The Complete Guide to Starting Your Baby on Solid Foods

If you’re thinking about introducing your baby to solids, congratulations! You’re taking the first step towards getting them ready for eating real food. Although this is an exciting time for you and baby, it’s important for you to have realistic expectations. Here are some things you should keep in mind before feeding your baby his or her first solid meal.

Is Your Child Ready for Solids?

Most babies are ready for solid foods when they are between the ages of four to six months old, states Before you start selecting foods and eating utensils, take some time to review their developmental milestones. There are other cues you should watch for to know if your baby is ready to eat solids, such as:

  • Sits with little to no assistance or support
  • Rolls over unassisted
  • Lifts body up from tummy time position
  • Opens and closes mouth when watching others eat
  • Remains hungry at the end of the day

If you introduce solids too soon, you could end up experiencing a setback. Your child may develop a loose stool consistency or vomit. There is also the elevated risk of developing obesity, food allergies, skin rashes and celiac disease, states U.S. News & World Report. Your baby may resist the concept of eating solids, meaning you’ll have to find other ways of providing them with the additional nutrients their growing body needs.

If your child seems like he or she is not quite ready for solid foods, don’t worry. Reassess them again in a few weeks. Babies develop at their own pace.

What to Do About Milk?

Your child may be ready for solids, but that doesn’t mean they must give up milk. In fact, they’ll still need it to supply much of their nutritional needs for many months to come. The reason you’re introducing solids to your baby is not so they will stay full longer. It’s so they can get used to different tastes and textures and practice eating. The bottle or breast will still need to be their main source of nutrition for they turn 12 months or ready to be weaned.

You will need to make some adjustments to the amount they drink each day and when they drink it. To determine what milk schedule works best when you’re starting with solids, you‘ll need to experiment a bit. You may decide to give your child solids once a day or several times a week. There’s also the option of giving them solids at every other meal. No matter what type of schedule you use, stick with it to provide your baby with a sense of security and stability. Offering new solids at different times may cause them to feel a little unsettled and less receptive to the concept.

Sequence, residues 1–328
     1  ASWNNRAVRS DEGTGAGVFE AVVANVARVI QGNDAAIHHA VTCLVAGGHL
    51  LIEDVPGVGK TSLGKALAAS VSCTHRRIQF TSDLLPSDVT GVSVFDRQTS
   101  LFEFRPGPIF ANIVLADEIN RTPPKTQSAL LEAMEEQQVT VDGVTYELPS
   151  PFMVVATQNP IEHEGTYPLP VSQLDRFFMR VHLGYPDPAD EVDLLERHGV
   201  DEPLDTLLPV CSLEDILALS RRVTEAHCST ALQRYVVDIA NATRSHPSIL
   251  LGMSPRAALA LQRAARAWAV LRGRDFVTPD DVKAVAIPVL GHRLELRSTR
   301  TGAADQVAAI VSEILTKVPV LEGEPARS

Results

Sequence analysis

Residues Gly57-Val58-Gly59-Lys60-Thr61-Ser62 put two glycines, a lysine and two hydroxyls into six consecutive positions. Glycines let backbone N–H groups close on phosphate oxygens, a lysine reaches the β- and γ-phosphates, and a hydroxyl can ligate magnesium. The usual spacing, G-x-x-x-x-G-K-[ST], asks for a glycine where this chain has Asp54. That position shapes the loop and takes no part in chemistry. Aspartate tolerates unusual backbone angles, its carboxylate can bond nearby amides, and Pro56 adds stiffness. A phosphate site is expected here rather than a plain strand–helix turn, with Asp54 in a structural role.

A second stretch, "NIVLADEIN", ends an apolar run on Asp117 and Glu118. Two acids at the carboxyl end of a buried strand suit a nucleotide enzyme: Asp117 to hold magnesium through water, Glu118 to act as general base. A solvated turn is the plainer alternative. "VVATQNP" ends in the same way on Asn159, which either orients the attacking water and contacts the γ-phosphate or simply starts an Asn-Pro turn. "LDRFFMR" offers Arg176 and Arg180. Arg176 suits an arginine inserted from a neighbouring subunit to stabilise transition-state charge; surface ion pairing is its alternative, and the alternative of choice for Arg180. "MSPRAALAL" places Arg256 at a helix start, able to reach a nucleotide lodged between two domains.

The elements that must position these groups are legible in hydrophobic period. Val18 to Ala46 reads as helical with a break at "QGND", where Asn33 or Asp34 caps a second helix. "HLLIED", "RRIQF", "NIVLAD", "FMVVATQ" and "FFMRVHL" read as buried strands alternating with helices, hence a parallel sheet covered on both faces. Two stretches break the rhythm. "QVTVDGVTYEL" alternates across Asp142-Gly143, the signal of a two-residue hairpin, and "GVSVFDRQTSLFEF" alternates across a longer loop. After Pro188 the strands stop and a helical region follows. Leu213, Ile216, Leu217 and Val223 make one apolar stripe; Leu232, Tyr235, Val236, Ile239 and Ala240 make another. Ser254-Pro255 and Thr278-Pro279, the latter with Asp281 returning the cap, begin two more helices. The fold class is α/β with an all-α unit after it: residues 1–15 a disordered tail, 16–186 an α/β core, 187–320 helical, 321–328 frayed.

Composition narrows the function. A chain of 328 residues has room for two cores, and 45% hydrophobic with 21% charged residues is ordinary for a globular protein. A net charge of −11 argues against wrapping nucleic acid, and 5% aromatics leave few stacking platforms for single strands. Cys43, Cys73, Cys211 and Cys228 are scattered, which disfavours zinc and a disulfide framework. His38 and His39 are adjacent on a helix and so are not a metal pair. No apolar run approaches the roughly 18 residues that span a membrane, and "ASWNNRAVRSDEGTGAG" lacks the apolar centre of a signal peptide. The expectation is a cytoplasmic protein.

Initially, you should start off with a small serving of baby food after offering the breast or a bottle. As your child becomes more accustomed to eating solid meals, you can switch to offering him or her solids before the breast or bottle.

How to Start the Introduction

It’s important for you to take things slowly. Do not try to add a ton of new foods to your baby’s diet right away. You may end up overwhelming them which can make them reluctant to eat solids. It could also lead to them rejecting food altogether. You should speak with your pediatrician to ensure there are no health concerns or conflicts for you to keep in mind when introducing your baby to solids. They can also inform you about the dangers of introducing honey and other foods before your baby turns two.

You should be giving your baby a few spoonfuls at each feeding time. Watch your baby for cues. If he or she becomes fussy, stop giving them the spoon and offer them a bottle or the breast. Try again later. A good rule of thumb for you to follow when starting solids is to give no more than two meals of four tablespoons or less of food per day. If your baby loves eating, then you can increase their intake at each meal to a serving portion that is similar to the size of their fist.

As your child becomes more accustomed to eating solids, you should continue to offer them milk on demand and slowly increase their portion size of solids at each meal. As your baby gets closer to weaning time, you’ll want to increase the number of times they eat solids throughout the day, their serving sizes and decrease the amount of milk they drink.

What Foods Should Baby Eat?

One of the hardest choices you’ll need to make when your baby is starting solid foods is selection. You may be ready to make meal time more fun and exciting, but you must remember to do it gradually. Oats and rice cereals are excellent starter foods because they are single-grains, easy to digest and can be used to make the introduction of other foods easier.

As your baby becomes more comfortable eating solids, you can slowly incorporate vegetable and fruit purees. Be sure to introduce one at a time and to allow several days to pass in-between starting new foods. That way you can watch for signs of intolerances like hives, rashes and diarrhea. Avocados, bananas, pears and apples are great starter fruits. Broccoli, squash and carrots are good starter veggies.

Sometime after your baby turns nine months, he or she may be ready for finger foods. Some great finger foods for babies include boiled eggs, carrots, apples, soft meats and graham crackers. Make sure that any finger food you give your child is soft, cut up into tiny pieces and easy for them to mash in their mouth. Avoid hard, thick chunks and textured foods because they can lead to choking, states

Once you start feeding your baby solids, meal time will be messy. Don’t be surprised if there are times when more of their food ends up in their hair and all over the place instead of in their tummy. It’s normal and just a phase. Follow us on FacebookTwitter and Instagram for more tips and advice from other parents.

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